## Exam 1 Results

Mean | 90.5 |

Median | 95.0 |

Mode | 94.6 |

Standard Deviation | 15.8 |

Range | 100.0 |

Minimum | 0.0 |

Maximum | 100.0 |

Sum | 9047.7 |

Count | 100.0 |

Category: f19-busad265

- 4 years ago
- f19-busad265
- Justin

Mean | 90.5 |

Median | 95.0 |

Mode | 94.6 |

Standard Deviation | 15.8 |

Range | 100.0 |

Minimum | 0.0 |

Maximum | 100.0 |

Sum | 9047.7 |

Count | 100.0 |

- 4 years ago
- f19-busad265
- Justin

Review:

- Normal Curve problems
- Exam 1 on Wed Sep 18

Presentation:

- Exam format
- Open note, open book, open calculator
- No phones, laptops, tablets, watches
- No “sharing” with your neighbor
- No leaving the classroom during the exam

- Review Topics
- Data distributions
- Stemplots
- Histograms

- Measures of Central Tendency
- Mean
- Median
- Percentiles, Quartiles
- 5-number summary

- Measure of spread/variability
- Variance
- Standard Deviation

- Normal Distribution
- Standard Normal
- Z-Scores
- Z-table

- Normal Curve problems
- “Less than”
- “Greater than”
- “Between”
- Inverse or Reverse look-up (solve for X instead of Z)

- Data distributions

Activity:

- Practice exam: F18 BA265 Practice Exam 1a

Assignment:

- Study for Exam 1

- 4 years ago
- f19-busad265
- Justin

Review:

Presentation:

Solving Normal Curve Problems

- Video (0:45-3:45, 6:10-11:45)
- Find probabilities for Z-Scores with the Z-Table (use this link or back page of textbook)
**Normal Distribution Problems: 3 Types**- p(X<a) = “Less Than”
- p(X>b) = “Greater Than”
- p(a<X<b) = “Between” (between 2 values)

**Steps to finding Standard Normal Proportions**- Draw a picture of the distribution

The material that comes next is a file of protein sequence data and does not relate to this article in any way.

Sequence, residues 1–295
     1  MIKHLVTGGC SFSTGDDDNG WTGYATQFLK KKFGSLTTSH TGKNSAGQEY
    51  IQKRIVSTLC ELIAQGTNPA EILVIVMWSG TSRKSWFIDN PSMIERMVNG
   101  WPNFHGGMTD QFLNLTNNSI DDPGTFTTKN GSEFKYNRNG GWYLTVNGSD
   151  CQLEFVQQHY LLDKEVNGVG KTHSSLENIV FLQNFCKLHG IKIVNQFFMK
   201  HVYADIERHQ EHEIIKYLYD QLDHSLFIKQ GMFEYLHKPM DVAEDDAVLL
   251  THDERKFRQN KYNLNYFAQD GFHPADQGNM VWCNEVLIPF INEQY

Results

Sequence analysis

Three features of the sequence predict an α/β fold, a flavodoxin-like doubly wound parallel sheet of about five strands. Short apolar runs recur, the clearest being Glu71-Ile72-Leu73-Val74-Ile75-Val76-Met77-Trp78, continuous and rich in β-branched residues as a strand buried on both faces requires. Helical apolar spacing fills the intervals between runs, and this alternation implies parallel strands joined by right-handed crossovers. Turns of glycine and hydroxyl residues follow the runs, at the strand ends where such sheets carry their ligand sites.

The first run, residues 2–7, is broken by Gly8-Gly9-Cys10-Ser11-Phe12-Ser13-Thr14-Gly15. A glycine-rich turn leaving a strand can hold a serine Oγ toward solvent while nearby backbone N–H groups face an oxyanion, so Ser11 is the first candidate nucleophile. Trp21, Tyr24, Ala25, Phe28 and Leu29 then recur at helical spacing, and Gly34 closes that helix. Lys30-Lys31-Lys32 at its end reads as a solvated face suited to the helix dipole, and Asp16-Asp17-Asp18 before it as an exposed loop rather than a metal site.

- Convert given values (a, b) to Z-Scores and locate on the horizontal axis
- Look up corresponding proportion in the Z-Table
- Decide if it’s a “Less Than”, “Greater Than” or “Between” problem
- If “Less Than”, shade under the curve to the left of Z-Score; the Z-Table proportion you found is the answer.
- If “Greater Than”, shade under the curve to the right of the Z-Score; subtract the Z-Table probability from 1 to find the answer.
- If “Between”, you will have 2 proportions from the Z-Table
- Shade the area under the curve between the two Z-Scores
- Find the proportion for the larger value (further to the right)
- Find the proportion for the smaller value (further to the left)
- Subtract the smaller from the larger to find the “Between” proportion

**Inverse Normal Curve calculations**- Z = (x – xbar)/s
- x = xbar + Z * s
- xbar = mean
- s = standard deviation

- Problem Examples (see pp. 63-67)
- What proportion of observations on a standard Normal curve are less than Z=1.47?
- Using
**N(1026,209)**…- What proportion of students who take the SAT have scores of at least 820?
- What proportion of students who take the SAT would be NCAA “partial qualifiers”, i.e., between 720 and 820.
- What score is necessary to place in the top 10% of all students taking the SAT?

Activity:

**Problem 1**- In a recent year, 10th grade students took a standardized English language exam. The mean score was 572 and the standard deviation was 51, i.e.,